Photo: Burrowing Owl's Jim Wyse (photo courtesy of Burrowing Owl Winery)
election in the United States may have put the Paris Accord on climate change
into some trouble.
dragging by a state is no excuse for the rest of us to drag our feet as well.
On that score, I must pay tribute to the way that the Jim Wyse and his family
at Burrowing Owl Estate Winery continue to lighten the winery’s environmental footprint
while making excellent wines.
notes below on six of the winery’s most recent releases.
I have also
gone to the winery’s website and I am reproducing Burrowing Owl’s commendable
work with solar energy over the last 10 years.
The Use of
Solar Energy at Burrowing Owl: An Alternative, Renewable Energy Source
Okanagan valley is one of Canada’s best locations for capturing perpetual,
green energy from the sun and converting into either heat or electricity. In
2016 Burrowing Owl is moving forward with a major commitment to photovoltaic
(PV or electrical) solar panels, that will produce clean/green electricity
efficiently for the next 25 years.
ago, Burrowing Owl winery made its first foray into renewable solar energy
panels to produce hot water, a commodity that wineries use in large quantities
for barrel washing and other cellar-related cleansing functions. During the
hottest summer months, our hot-water solar panels actually produce more hot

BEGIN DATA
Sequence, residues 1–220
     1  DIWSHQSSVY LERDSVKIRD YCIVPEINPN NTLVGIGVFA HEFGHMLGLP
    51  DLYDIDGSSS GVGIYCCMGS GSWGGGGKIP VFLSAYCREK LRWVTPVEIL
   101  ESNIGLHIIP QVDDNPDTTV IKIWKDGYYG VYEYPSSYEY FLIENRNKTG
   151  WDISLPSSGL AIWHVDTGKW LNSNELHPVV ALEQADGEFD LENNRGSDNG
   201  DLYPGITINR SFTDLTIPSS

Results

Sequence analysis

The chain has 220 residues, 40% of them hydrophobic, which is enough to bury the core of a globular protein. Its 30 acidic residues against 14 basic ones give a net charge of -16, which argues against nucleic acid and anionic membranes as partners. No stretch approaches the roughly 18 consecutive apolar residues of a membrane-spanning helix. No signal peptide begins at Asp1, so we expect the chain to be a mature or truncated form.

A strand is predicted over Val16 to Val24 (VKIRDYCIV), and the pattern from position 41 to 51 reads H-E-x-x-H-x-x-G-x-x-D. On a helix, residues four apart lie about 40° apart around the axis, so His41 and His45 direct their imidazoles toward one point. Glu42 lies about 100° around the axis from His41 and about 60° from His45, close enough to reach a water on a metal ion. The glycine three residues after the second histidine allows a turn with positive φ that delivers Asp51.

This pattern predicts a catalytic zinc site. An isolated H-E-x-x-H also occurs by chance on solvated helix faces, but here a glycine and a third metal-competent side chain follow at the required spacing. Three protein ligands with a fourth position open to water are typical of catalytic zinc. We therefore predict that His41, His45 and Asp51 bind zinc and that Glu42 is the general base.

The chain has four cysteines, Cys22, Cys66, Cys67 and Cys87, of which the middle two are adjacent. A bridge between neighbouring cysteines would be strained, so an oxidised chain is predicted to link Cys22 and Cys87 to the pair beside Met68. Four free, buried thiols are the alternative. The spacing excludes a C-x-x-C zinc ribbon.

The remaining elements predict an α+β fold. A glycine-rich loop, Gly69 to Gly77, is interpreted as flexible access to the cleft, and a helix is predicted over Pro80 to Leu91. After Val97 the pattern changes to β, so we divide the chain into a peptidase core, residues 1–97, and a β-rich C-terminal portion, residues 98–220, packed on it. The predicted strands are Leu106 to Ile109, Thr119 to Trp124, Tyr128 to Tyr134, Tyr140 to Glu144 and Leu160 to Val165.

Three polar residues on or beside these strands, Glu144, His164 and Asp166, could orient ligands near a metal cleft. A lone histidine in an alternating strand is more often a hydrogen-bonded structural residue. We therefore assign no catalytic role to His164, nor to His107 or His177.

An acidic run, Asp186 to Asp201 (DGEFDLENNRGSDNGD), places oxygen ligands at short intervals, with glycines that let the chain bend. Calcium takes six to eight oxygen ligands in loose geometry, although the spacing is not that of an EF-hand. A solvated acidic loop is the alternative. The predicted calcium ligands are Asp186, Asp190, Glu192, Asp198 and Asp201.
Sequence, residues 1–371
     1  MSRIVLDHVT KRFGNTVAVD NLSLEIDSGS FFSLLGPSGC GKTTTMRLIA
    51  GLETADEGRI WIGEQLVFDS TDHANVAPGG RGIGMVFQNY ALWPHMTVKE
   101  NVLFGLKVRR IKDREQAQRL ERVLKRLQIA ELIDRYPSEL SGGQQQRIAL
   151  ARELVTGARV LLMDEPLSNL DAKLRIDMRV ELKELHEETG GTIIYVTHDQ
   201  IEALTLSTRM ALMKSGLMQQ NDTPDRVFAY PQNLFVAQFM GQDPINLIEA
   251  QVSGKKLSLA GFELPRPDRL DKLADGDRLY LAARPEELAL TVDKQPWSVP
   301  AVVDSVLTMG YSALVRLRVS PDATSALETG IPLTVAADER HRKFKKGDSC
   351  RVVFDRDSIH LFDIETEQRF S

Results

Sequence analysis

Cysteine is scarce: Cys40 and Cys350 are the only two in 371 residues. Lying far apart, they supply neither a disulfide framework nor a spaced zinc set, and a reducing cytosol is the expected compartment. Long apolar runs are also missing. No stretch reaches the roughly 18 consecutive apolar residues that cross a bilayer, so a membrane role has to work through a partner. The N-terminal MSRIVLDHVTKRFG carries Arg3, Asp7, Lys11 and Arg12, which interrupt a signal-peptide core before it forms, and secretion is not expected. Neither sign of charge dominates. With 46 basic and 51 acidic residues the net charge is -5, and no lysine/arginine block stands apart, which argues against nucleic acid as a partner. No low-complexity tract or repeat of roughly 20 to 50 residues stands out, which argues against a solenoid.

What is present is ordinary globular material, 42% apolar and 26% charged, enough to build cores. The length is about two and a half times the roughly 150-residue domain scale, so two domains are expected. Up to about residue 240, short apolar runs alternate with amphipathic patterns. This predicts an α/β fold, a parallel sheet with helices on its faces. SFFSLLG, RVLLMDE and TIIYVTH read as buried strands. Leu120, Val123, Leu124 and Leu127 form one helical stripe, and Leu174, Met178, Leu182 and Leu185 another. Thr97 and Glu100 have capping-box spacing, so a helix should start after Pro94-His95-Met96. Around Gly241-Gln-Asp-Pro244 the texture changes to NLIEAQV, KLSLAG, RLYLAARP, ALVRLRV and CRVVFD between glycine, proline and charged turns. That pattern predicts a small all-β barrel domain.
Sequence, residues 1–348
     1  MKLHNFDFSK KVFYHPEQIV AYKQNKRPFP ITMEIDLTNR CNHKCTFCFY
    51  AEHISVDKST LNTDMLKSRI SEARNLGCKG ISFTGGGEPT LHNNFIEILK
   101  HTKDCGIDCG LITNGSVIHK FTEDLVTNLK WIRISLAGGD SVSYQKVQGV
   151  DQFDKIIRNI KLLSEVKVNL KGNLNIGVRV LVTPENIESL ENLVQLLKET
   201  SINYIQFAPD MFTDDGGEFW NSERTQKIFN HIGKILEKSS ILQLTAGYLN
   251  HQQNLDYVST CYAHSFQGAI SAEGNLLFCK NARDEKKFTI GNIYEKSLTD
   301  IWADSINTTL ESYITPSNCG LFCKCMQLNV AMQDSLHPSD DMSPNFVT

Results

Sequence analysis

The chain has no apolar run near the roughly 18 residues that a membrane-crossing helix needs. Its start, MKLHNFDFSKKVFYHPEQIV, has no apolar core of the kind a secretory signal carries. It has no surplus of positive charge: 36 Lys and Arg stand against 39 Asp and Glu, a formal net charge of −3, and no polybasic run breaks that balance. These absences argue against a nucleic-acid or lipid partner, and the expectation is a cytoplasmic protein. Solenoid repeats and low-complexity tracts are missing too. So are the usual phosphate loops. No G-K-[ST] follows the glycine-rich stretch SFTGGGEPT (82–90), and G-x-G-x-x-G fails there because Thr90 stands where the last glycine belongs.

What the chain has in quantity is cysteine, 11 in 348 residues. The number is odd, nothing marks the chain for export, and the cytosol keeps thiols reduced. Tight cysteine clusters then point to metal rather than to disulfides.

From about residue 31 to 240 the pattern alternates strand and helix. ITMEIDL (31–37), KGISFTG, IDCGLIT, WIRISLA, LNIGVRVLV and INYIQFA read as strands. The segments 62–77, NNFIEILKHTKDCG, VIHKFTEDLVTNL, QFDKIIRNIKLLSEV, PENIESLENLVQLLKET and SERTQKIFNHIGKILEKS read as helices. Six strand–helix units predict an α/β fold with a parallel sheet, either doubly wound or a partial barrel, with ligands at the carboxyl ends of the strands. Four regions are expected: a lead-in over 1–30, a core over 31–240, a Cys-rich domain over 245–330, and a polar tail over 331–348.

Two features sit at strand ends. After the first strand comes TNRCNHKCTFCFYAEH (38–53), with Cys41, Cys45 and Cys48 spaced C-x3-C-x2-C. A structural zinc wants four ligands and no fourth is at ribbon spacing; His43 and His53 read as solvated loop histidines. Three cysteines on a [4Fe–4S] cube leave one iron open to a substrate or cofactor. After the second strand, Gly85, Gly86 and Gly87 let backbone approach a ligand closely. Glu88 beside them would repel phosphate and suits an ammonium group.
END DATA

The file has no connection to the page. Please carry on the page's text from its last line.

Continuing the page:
water than we can use or store, so any excess heat is “dumped” into our
swimming pool to the delight of our Guest House patrons.
existing solar panels currently produce the equivalent of 48,000 kWh
(kilowatt-hours) annually, and offset CO2 emissions of approximately 12,300 Kg
(13.6 tons) annually.
last couple of years, like flat-screen TVs, the price of solar panels has
plummeted as world-wide acceptance of the technology takes hold. Perhaps
because of the abundance of hydro-electricity in this province, and the low
cost of electricity here, the incentive to move to solar electric alternatives
lags far behind the rest of the world, despite the significantly reduced
up-front installation cost of recent years.
Burrowing Owl will be installing three sizable solar electric systems in
conjunction with the new construction that is currently underway at the winery
(July 2016) which will ultimately increase the size of our cellar by 7,500 sq
expansion at the northern end of the winery has 3,350 sq. ft. of open roof-top
space. This area will be blanketed by 70 solar panels, each producing
310-volts of electricity. In total these 70 panels are expected to
produce 25,770 kWh/year, while offsetting approximately 13,825 Kg (15.2 tons)
of CO2 emissions annually.
Lot Shade Structure:
centre of our parking area is a landscaped “island” where 12 cars would
normally park. By the late fall of 2016, we hope to have designed and installed
a protective cover over these 12 parking spaces that will consist of a roof
that provides shade and protection from rain, and will support 220 solar
panels. These panels will generate 80,500 kWh/year and will offset CO2
emissions of 43,175 Kg (47.6 tons).
winery’s main warehouse is located in Oliver, and currently is also undergoing